3. Create a suicide prevention plan. Make a list of all the things, people, and circumstances that trigger your suicidal ideations, along with the thoughts, emotions, and behavioral reactions that you feel during your episodes.

Listing them down makes you aware of your triggers and will help you counter them. After that, list the things that you can do to alleviate the emotions. You can try breathing exercises, going out for a jog, taking a bath, watching your favorite movie, or calling your trusted person—whatever works for you. The thoughts may not go away in an instant, but establishing a routine with the things that build up your mood could help you big time.

4. Seek professional help. Mental health care in the Philippines is becoming more accessible nowadays. There are a lot of services available both from public and private sectors all over the country. You may check this link for a comprehensive list: http://www.silakbo.ph/help/

5. Replace the lies with the truth. Depression, anxiety, and mental health crises are all true. But that’s not the whole truth.

You may be feeling the pain of your past, the sting of guilt and shame, or the weight of regret for the wrong things you’ve done. But the truth is, Jesus Christ already defeated sin and death so they no longer have authority over our lives, and what’s more, in Him we find healing, even for our mental health concerns.

You may be feeling overwhelmed by sadness or emptiness at times. But the truth is, God’s grace is sufficient for us in moments of weakness, and His power is made perfect in us. He helps us overcome.

You may be feeling tired and hopeless, wanting to give up the fight. But the truth is, God gives rest to those who are weary and tired. You don’t have to go through your battles alone.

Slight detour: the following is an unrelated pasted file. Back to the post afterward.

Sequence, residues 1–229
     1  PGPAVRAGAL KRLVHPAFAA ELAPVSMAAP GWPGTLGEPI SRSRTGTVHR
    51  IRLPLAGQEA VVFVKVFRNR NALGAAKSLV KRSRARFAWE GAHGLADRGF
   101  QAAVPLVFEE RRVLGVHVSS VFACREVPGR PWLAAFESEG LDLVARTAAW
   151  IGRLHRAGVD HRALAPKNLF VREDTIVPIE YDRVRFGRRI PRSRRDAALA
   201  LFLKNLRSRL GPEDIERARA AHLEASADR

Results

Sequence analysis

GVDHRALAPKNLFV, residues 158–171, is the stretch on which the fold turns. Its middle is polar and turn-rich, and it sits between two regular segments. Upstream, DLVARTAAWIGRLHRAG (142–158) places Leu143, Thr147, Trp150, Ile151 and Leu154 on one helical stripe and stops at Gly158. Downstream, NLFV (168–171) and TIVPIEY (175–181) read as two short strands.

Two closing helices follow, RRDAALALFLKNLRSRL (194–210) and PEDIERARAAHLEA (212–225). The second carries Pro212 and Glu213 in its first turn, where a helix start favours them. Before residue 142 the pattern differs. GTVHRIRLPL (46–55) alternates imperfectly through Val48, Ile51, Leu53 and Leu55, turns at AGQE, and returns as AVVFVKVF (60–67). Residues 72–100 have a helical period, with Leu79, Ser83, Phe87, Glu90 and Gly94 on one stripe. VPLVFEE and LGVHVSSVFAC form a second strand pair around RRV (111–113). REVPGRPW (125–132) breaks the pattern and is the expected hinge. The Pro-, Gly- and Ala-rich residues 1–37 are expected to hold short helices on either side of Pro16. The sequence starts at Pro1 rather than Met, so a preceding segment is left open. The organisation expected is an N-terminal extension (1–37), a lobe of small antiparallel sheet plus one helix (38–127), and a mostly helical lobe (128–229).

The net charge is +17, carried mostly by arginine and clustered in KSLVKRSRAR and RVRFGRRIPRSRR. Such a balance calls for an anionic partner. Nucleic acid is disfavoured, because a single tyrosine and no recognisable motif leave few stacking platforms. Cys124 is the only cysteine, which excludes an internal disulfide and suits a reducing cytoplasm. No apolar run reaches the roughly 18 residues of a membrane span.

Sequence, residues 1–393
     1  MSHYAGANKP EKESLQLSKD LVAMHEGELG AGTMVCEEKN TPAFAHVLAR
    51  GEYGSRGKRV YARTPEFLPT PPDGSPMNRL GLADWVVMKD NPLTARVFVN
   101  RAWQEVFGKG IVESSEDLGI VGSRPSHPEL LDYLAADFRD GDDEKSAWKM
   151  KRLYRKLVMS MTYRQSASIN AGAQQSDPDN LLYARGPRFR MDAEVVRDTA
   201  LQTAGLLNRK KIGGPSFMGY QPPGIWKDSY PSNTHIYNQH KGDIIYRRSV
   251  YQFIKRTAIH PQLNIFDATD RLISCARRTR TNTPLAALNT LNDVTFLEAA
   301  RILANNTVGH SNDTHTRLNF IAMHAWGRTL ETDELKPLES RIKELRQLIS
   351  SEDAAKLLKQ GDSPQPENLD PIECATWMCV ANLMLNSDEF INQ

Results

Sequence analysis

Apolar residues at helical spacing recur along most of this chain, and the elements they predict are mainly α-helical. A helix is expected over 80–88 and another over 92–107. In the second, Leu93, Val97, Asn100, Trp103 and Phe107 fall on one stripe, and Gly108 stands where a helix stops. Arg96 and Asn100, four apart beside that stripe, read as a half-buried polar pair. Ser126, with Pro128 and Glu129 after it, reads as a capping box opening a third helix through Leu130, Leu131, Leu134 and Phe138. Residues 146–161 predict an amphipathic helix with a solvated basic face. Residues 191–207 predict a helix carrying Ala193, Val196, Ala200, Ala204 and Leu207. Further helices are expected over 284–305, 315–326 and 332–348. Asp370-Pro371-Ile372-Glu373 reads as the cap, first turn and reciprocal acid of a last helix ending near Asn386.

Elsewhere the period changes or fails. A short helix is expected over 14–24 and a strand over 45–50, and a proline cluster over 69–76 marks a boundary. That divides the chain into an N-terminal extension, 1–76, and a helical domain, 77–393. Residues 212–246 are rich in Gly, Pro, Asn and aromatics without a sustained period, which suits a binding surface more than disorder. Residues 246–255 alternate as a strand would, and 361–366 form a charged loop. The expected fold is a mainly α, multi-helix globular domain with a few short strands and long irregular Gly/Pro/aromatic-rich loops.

You may be feeling rejected, abandoned, or ignored. But the truth is, you are loved with an everlasting love by no less than your Maker and Father.

If you’ve reached this far in this article, congratulations. It shows that you are seeking help and are taking steps to take care of your mental health. Keep fighting. You are worth it, and your life is worth living. There are people who love you and are willing to help you get through this.

Remember, while depression and suicide are a tough opponent, they are not undefeatable.

Depression is curable. Suicide is preventable. Recovery is possible. Most importantly, hope is available in God.




The Author

Ainah Salcedo

Ainah Salcedo is a licensed psychometrician. She took up AB Psychology in De La Salle University–Dasmariñas and is now a certified mental health first-aider and peer support specialist. She is currently finishing up her masters degree in Clinical Psychology. Ainah is also one of the presenters in the Mental Health, Psychiatry, and Well-Being Conference in Barcelona, Spain in September 2021. She’s a passionate volunteer and a Victory group leader in Victory Imus. Ainah is also a proud furmom to her 6-year old dog, Kikiam.